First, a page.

Trouble is, it’s not just my hobbies, my career too has taken on a similar lack of structure. I feel like I’m living life in a constant state of flux, repeatedly being swept away by some new passion, which has never lasted long enough for me to achieve anything. I’ve had so many vastly different career aspirations that my brothers ask me, each time they see me, which career ambition I’m cultivating this week. I gently remind them of all those famous people who started off with one career only to completely change tack and head off in another direction? Leonardo da Vinci was an engineer, painter, architect, geographer, palaeontologist, biologist, zoologist, and writer – wow, what a CV! And what about Mark Twain, who went through several different careers; typesetter and printer, riverboat pilot on the Mississippi, gold miner, journalism and ultimately to novelist, speaker, and investor. Where would we be if they had stuck to their original career? We’d be devoid of their inspiration and talent, I tell my brothers, not entirely convinced myself.
Famous people aside, I know I’m not alone. According to Barbara Sher, author of Refuse to Choose there is a tribe of us so-called ‘scanners’, each fumbling along from one project to another, never quite deciding what we want to do, and hoping our dream job will come along and plonk itself in our lap. We’ve been called many names; serial starters, scanners, dabblers…one friend even said I was flaky!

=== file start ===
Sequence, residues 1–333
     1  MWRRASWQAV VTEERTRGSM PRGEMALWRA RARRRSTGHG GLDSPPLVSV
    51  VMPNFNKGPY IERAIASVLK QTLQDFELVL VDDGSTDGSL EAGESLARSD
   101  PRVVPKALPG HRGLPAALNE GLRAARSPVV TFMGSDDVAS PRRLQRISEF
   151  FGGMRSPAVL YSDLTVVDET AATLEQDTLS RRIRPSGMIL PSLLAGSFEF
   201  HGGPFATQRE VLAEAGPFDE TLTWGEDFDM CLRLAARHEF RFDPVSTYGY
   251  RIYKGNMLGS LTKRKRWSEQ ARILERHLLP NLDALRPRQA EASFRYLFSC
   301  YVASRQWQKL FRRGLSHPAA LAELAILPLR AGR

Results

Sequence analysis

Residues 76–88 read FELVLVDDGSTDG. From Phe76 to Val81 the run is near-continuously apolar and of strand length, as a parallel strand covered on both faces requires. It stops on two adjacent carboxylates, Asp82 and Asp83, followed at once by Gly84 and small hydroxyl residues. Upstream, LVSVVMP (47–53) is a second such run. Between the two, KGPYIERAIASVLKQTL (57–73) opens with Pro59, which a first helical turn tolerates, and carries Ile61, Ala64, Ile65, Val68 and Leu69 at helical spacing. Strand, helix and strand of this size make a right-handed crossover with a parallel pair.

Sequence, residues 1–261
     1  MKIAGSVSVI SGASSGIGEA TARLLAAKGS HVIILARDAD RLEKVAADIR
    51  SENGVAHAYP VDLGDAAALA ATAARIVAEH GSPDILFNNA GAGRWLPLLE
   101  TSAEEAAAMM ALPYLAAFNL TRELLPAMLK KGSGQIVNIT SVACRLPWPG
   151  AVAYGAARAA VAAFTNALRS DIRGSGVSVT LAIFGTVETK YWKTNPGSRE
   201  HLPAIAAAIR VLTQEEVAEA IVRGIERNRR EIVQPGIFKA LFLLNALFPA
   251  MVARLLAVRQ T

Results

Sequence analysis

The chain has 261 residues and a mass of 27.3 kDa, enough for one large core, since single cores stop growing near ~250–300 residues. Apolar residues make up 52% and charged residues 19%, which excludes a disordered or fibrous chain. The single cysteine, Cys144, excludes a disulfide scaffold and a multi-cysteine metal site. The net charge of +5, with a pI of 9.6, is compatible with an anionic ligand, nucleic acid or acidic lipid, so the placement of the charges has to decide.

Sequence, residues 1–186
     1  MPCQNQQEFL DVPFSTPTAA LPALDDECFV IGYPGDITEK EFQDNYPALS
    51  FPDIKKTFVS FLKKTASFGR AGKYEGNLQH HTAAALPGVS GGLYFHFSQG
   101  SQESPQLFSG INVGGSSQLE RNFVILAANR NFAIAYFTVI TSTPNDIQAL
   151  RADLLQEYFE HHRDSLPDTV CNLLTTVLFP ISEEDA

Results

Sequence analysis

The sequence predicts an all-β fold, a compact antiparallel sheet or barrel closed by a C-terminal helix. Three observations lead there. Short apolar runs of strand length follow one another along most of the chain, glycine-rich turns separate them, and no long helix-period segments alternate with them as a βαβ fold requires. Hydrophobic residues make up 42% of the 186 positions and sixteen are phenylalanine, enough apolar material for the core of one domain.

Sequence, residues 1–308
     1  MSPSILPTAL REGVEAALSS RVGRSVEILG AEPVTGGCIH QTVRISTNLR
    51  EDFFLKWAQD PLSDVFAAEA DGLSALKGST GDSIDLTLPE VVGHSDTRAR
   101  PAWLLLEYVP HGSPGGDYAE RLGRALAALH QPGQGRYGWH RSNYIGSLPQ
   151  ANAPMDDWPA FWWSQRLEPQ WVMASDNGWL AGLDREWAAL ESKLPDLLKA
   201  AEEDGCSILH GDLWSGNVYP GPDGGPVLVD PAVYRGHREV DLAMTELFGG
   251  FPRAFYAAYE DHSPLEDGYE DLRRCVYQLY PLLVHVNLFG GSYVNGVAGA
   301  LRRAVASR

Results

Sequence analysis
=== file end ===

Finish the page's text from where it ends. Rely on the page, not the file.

We are always being encouraged to finish what we start. ‘A rolling stone gathers no moss’ goes the saying. We are told to keep motivated and stick to our goals, we have to ‘get over the bumps in the road’ to reach our destination, and as Seth Godin says when things get a bit tricky, we need to get over ‘the dip’.
Then again, aren’t we also being told that variety is the spice of life? If we stuck to all the clichéd sayings it would be difficult to know whether we were coming or going.
If we only ever stick to one thing at a time, then wouldn’t life be a little bit dull? My husband calls me a book tart because I flip from one book to another, rarely getting past the first three or four chapters. In my defence I feel as though I’ve got what I came for, and life is too short with just too many books to read to stick to one, right to the very end even if I’m itching to get into another, simply because it’s the done thing.